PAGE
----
Missouri man pleads guilty to illegal firearm following shootout at Independence motel

Guilty Plea

 A Missouri man pleaded guilty in federal court to illegally possessing a firearm following a shootout at an Independence, Mo., motel.

Randy K. McGaugh, 54, of Wellington, pleaded guilty before U.S. Magistrate Judge Lajuana M. Counts to one count of being a felon in possession of a firearm.

By pleading guilty, McGaugh admitted that he was in possession of a Canik TP9 9mm semi-automatic handgun on Aug. 25, 2020. Under federal law, it is illegal for anyone who has been convicted of a felony to be in possession of any firearm or ammunition. McGaugh has two prior felony convictions for resisting arrest, two prior felony convictions for tampering with a motor vehicle, and prior felony convictions for domestic assault, burglary, and possession of a controlled substance.

According to court documents, the investigation began on Aug. 8, 2020, when Independence police officers responded to a shooting at the Truman Inn, 4048 S. Lynn Court Drive in Independence. McGaugh had been involved in a shootout with another person at the motel, identified in court documents as “R.C.,” witnesses told police officers. McGaugh had fired nine shots through the door of R.C.’s motel room, and R.C. had fired three shots through the door at McGaugh. McGaugh was no longer at the scene of the shooting when officers arrived.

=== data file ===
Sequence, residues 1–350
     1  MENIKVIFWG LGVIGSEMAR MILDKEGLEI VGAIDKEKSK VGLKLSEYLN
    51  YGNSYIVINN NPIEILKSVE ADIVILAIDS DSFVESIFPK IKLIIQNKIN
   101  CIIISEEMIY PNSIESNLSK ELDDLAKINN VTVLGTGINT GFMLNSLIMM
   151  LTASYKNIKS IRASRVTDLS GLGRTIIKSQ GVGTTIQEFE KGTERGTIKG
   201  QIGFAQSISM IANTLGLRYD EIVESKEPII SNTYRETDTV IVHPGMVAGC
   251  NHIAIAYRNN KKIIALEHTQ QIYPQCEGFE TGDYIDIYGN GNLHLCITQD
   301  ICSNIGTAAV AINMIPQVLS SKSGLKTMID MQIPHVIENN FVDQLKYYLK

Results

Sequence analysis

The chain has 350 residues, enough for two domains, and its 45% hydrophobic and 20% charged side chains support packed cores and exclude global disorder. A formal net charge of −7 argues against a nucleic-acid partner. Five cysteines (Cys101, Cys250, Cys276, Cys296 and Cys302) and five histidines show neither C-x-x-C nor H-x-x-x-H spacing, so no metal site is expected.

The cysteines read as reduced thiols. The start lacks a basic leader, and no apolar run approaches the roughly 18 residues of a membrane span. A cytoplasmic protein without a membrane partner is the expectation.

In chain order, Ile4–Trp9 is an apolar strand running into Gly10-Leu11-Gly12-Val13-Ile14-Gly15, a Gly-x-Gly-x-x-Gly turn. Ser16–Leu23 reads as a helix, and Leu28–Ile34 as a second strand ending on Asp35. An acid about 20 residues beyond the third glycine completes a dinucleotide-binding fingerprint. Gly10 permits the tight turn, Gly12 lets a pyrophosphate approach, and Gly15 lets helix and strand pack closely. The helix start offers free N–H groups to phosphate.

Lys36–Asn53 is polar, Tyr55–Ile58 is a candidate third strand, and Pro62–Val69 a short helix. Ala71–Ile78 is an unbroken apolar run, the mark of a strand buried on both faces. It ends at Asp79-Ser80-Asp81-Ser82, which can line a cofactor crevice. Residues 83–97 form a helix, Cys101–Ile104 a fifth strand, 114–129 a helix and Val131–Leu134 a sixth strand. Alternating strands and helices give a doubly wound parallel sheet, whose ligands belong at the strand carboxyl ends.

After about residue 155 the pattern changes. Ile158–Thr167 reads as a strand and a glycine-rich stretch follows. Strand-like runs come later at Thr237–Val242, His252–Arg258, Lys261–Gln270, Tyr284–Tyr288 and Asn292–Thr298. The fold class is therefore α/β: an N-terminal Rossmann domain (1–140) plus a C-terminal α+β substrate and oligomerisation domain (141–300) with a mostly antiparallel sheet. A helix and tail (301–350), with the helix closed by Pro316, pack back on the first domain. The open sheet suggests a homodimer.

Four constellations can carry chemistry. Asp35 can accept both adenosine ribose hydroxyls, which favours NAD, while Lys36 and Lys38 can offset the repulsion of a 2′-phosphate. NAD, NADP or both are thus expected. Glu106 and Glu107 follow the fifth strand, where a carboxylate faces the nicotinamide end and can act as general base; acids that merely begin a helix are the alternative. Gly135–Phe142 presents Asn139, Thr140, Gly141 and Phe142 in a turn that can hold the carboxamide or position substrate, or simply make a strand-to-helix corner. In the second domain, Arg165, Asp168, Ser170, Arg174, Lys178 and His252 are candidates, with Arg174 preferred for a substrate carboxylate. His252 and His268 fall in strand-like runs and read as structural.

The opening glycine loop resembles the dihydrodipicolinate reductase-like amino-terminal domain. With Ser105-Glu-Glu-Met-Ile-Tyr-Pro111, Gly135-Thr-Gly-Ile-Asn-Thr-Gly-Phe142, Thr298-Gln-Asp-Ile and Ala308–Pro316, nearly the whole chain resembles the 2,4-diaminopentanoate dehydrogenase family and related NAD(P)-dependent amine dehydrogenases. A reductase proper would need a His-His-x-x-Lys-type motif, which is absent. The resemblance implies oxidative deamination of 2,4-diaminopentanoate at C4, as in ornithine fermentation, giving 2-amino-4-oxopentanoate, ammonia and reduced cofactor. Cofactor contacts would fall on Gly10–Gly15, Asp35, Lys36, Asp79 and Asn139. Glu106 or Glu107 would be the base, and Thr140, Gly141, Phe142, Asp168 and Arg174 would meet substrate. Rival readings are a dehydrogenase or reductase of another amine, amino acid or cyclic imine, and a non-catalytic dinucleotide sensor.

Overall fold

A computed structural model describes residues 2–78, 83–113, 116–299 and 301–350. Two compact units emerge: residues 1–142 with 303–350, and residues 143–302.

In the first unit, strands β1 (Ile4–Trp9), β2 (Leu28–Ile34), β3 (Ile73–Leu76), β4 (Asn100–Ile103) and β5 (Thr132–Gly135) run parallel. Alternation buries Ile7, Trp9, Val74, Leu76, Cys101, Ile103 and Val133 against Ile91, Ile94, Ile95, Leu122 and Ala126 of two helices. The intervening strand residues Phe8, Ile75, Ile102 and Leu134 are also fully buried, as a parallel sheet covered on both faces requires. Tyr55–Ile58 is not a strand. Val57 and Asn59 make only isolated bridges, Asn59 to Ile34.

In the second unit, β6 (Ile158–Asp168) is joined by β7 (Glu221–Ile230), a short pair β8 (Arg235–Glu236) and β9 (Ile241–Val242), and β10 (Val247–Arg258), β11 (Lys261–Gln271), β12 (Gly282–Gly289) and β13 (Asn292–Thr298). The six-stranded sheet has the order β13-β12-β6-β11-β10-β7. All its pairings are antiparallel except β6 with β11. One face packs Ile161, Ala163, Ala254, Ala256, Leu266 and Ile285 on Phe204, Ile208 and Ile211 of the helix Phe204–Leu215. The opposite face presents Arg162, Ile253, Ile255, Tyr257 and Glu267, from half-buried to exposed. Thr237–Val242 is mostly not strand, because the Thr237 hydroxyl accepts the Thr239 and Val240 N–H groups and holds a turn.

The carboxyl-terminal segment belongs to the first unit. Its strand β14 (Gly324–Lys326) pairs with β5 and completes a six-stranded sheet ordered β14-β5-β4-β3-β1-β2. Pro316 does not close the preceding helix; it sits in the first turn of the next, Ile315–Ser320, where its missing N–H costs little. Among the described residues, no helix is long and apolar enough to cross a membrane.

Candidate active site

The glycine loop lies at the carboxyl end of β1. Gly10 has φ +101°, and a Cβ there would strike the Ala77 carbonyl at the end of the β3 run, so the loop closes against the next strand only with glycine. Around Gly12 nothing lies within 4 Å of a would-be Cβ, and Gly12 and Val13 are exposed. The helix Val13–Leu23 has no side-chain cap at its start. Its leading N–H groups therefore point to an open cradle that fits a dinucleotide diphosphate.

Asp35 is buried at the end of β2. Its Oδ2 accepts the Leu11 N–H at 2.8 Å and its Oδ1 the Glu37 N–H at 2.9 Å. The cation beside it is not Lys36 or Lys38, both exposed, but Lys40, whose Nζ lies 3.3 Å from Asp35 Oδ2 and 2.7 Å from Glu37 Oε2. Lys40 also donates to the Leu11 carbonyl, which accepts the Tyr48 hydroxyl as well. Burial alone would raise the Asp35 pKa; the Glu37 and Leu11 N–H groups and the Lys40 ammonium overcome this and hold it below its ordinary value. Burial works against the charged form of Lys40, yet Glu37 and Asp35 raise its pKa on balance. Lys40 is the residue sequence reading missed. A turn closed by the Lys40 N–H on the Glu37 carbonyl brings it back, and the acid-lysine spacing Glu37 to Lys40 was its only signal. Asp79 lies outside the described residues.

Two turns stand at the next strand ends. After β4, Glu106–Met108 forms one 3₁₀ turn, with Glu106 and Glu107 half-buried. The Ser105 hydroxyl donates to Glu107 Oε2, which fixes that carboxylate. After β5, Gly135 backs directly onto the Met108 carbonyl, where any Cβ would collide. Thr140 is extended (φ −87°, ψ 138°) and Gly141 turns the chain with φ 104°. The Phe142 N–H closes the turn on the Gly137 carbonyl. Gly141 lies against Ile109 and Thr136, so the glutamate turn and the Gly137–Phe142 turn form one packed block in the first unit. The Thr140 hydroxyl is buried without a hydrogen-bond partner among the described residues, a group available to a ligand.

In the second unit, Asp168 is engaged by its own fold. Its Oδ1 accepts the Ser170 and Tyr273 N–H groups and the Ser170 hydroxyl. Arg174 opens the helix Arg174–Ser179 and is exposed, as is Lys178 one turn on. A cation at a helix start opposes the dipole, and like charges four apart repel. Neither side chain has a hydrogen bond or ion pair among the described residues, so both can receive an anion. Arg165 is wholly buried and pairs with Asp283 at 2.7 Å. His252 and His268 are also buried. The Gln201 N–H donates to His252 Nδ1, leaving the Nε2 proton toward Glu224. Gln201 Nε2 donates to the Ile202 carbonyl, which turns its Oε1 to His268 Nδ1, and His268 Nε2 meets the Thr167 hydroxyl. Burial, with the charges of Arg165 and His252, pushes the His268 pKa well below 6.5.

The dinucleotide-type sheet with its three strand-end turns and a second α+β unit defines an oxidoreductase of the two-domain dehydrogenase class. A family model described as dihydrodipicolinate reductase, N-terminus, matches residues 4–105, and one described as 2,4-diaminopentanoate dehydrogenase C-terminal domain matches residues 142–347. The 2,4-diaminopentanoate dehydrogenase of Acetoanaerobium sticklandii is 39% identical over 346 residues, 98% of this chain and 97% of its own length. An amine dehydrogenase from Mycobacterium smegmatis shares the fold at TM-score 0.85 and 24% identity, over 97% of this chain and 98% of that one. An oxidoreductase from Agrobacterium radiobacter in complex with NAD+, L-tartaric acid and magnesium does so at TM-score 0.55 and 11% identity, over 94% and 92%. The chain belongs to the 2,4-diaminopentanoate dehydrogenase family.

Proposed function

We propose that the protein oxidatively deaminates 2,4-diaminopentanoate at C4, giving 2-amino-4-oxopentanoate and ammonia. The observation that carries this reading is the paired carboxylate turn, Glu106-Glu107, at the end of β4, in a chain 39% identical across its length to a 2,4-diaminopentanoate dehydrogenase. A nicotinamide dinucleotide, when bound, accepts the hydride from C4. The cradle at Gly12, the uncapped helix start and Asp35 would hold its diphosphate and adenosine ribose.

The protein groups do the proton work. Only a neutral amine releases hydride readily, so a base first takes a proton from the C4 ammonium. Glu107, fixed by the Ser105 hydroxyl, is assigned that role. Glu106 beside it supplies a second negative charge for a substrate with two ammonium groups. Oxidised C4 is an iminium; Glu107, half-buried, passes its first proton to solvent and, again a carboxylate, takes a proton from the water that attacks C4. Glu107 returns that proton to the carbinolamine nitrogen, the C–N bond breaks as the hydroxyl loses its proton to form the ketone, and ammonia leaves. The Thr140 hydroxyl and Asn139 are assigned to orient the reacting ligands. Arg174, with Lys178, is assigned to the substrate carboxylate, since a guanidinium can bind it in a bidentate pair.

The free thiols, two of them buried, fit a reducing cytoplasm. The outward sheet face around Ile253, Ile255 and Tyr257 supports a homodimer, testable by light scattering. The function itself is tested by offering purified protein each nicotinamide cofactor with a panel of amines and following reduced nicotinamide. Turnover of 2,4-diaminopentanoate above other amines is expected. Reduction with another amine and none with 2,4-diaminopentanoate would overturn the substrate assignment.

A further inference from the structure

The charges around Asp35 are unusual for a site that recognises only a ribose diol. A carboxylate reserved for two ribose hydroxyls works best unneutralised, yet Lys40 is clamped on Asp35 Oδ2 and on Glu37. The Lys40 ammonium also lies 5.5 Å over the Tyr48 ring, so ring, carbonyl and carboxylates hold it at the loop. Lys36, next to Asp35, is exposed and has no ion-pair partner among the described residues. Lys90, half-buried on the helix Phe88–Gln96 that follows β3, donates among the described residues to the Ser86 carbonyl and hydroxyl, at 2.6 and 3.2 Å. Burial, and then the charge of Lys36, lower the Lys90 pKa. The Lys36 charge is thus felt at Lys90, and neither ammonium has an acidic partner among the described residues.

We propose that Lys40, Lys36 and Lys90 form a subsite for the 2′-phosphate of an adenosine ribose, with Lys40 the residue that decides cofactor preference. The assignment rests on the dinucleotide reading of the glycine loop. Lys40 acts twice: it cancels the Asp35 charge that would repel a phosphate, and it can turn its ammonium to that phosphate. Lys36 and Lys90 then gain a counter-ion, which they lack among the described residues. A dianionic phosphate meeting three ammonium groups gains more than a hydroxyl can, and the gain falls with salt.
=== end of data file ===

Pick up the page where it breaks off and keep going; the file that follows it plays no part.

A confidential source provided information to law enforcement to locate McGaugh. On Aug. 25, 2020, police officers moved to apprehend McGaugh as he was getting out of a vehicle at an Independence residence. He ran toward a wooded area behind the house with officers in pursuit. After he ran into the wooded area, officers utilized a police service dog, which found McGaugh on the ledge of a creek bed under heavy, thick brush. Directly below the ledge where McGaugh was found, officers found the 9mm handgun, loaded with 18 rounds in the magazine and one round in the chamber.

Under federal statutes, McGaugh is subject to a sentence of up to 10 years in federal prison without parole. The maximum statutory sentence is prescribed by Congress and is provided here for informational purposes, as the sentencing of the defendant will be determined by the court based on the advisory sentencing guidelines and other statutory factors. A sentencing hearing will be scheduled after the completion of a presentence investigation by the United States Probation Office.

This case is being prosecuted by Special Assistant U.S. Attorney Caleb J. Aponte, who is a cross-designated prosecutor from the Missouri Attorney General’s office as part of the Safer Streets Initiative to combat violent crime. It was investigated by the Independence, Mo., Police Department and the Bureau of Alcohol, Tobacco, Firearms, and Explosives.